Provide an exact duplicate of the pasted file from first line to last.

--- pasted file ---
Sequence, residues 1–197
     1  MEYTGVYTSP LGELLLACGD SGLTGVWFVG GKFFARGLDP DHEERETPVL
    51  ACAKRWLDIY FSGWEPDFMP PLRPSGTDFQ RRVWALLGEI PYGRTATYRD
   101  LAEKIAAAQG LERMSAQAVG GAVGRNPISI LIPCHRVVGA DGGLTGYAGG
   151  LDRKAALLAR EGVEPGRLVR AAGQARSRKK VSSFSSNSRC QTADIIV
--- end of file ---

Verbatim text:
Sequence, residues 1–197
     1  MEYTGVYTSP LGELLLACGD SGLTGVWFVG GKFFARGLDP DHEERETPVL
    51  ACAKRWLDIY FSGWEPDFMP PLRPSGTDFQ RRVWALLGEI PYGRTATYRD
   101  LAEKIAAAQG LERMSAQAVG GAVGRNPISI LIPCHRVVGA DGGLTGYAGG
   151  LDRKAALLAR EGVEPGRLVR AAGQARSRKK VSSFSSNSRC QTADIIV